Mars Net Zero Roadmap: 50% Emissions Cut by 2030
Mars has unveiled its ambitious plan, "The Mars Net Zero Roadmap," outlining a comprehensive strategy to achieve Net Zero greenhouse gas (GHG) emissions across its entire value chain by 2050.
This groundbreaking roadmap includes a newly established target, validated by the Science Based Targets Initiative, aiming to slash emissions by 50% by 2030 compared to a 2015 baseline, with a clear trajectory towards achieving Net Zero by 2050.
Having peaked in emissions in 2018, Mars has already made significant strides in reducing GHGs by 8%, or 2.6 million metric tonnes, against the 2015 benchmark, all while expanding its business by a remarkable 60% during this period.
As part of this action plan, Mars commits to investing over $1 billion in the next three years and is prepared to allocate further financial resources as needed until the Net Zero goal is realised.
The company's commitment spans from the farms where food is cultivated for both humans and pets to the veterinary clinics that care for our beloved animals, showcasing a dedicated effort to curtail GHG emissions across all its operations, thereby contributing to a more sustainable future.
Net Zero, in this context, signifies a state in which greenhouse gases are significantly reduced, with any remaining emissions being offset by removal efforts.
This roadmap arrives in response to recent findings by the United Nations-backed Intergovernmental Panel on Climate Change (IPCC), which emphatically stated that the time for decisive action on climate change is now to avert potential disasters.
Notably, a comprehensive Ipsos survey, commissioned by Mars, indicates a global consensus that, despite prevailing economic challenges, 69% of adults across the world's seven largest economies believe businesses should prioritise addressing climate change to the same extent (32%) or even more (37%), than economic concerns.
This extensive research, involving 14,468 individuals in the USA, UK, China, Japan, Germany, France, and India, also reveals that nearly half of respondents in these major economies place significant responsibility on multinational corporations and governments to implement changes to combat climate change.
Poul Weihrauch, CEO of Mars, emphasised the urgency of the situation, stating, "2050 may seem distant, but the progress we achieve over the next seven years is pivotal. My generation of CEOs bears both the capability and responsibility to deliver concrete emissions reductions and set a clear course toward Net Zero by 2050.
"That's why Mars is committed to achieving a 50% reduction in GHG emissions by 2030. We cannot afford to wait for economic conditions to improve; we must forge ahead with investments that safeguard our business today and in the future.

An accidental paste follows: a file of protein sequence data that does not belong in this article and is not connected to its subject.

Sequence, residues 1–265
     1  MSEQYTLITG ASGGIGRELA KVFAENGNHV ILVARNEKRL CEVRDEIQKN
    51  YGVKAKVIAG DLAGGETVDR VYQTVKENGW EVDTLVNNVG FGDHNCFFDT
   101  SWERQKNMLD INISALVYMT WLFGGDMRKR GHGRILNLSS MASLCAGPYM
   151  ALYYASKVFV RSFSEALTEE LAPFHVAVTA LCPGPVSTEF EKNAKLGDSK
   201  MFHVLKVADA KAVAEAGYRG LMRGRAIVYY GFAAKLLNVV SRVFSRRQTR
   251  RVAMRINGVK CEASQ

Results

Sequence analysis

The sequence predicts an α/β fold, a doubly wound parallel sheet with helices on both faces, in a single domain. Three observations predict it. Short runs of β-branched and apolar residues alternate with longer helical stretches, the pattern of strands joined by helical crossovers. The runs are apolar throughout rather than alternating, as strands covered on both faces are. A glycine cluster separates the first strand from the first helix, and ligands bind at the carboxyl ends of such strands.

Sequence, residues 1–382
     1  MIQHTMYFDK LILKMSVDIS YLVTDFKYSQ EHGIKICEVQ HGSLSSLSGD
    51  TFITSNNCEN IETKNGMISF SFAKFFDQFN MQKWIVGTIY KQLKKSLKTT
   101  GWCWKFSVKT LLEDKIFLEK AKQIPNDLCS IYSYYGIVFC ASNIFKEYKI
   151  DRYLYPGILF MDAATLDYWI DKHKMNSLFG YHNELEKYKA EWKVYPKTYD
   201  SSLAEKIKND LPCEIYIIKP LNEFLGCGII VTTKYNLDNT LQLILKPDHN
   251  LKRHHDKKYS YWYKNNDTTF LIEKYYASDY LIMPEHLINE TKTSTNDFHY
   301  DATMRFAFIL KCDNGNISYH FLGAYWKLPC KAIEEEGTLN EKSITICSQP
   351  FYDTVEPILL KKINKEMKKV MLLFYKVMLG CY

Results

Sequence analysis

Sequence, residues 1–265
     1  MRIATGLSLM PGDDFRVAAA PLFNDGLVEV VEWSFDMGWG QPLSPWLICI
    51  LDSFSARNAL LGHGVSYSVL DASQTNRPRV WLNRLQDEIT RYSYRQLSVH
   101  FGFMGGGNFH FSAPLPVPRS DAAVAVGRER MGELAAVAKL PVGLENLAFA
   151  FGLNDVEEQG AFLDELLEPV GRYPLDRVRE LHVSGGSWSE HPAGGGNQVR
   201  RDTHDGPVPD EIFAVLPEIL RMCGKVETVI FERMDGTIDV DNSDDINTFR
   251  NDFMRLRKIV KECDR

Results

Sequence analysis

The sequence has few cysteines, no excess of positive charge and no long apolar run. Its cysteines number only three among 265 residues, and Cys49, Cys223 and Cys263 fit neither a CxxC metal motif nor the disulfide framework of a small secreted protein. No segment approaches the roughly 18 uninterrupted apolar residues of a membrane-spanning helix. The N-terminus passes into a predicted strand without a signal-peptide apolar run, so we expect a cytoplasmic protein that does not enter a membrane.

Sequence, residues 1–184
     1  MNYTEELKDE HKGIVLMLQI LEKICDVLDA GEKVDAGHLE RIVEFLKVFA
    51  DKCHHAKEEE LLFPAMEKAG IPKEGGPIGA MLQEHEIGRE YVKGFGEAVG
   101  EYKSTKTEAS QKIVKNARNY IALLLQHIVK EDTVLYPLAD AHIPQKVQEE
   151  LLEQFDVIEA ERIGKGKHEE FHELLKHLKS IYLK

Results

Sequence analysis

"Profit and purpose are not mutually exclusive. Investing in emissions reduction is not a trade-off between the planet and productivity or the environment and employment. Consumers and our associates clearly desire both, and so do we. Investing in emissions reduction is not only good for the planet but also sound business policy, and it is both attainable and necessary."
Poul Weihrauch further emphasised the importance of assessing companies based on actual results achieved through climate plans rather than merely the scale of their commitments, mirroring how businesses are evaluated by their boards and investors based on financial results rather than financial forecasts.
Barry Parkin, Chief Sustainability and Procurement Officer at Mars, underscored the company's dedication to science-driven actions, emphasising that Mars aims to cut emissions across its entire value chain by 50% by 2030, equivalent to about 15 million metric tonnes, building on the already achieved 8% reduction in GHGs.
The Mars Net Zero Roadmap outlines a comprehensive approach, offering a model that companies across various sectors can employ for meaningful Net Zero action. This approach encompasses all emissions, prioritises tangible results over mere promises, establishes concrete milestones, makes immediate decisions with long-term repercussions, and addresses unmitigable emissions through high-quality carbon credits.
Mars will intensify its efforts to:
Transition to 100% renewable energy, encompassing changes in energy sources for its factories, offices, veterinary hospitals, ingredient sourcing, and even customer (retailer) and consumer/pet owner energy consumption at home.
Redesign supply chains to combat deforestation, with an emphasis on enhancing transparency and traceability for key ingredients like cocoa, soy, and beef.
Scale up climate-smart agricultural initiatives by partnering with farmers to implement regenerative agriculture, optimise sourcing, and transition to renewable energy.
Optimise product recipes, developing new ingredients with lower GHG footprints for snacks and human food, as well as alternative proteins for pet food.
Enhance and optimise logistics, reconfiguring networks, transportation modes, and energy sources, such as electric vehicles and green hydrogen.
Embed climate action throughout the business, integrating emissions reduction into governance, business planning, shareholder objectives, executive remuneration plans, investment decisions, merger and acquisition strategies, and more.
For those interested in delving deeper into Mars' Net Zero strategy and roadmap, the document is available for download at www.mars.com/netzero2050. Additionally, Ipsos offers comprehensive results from their research on their website.
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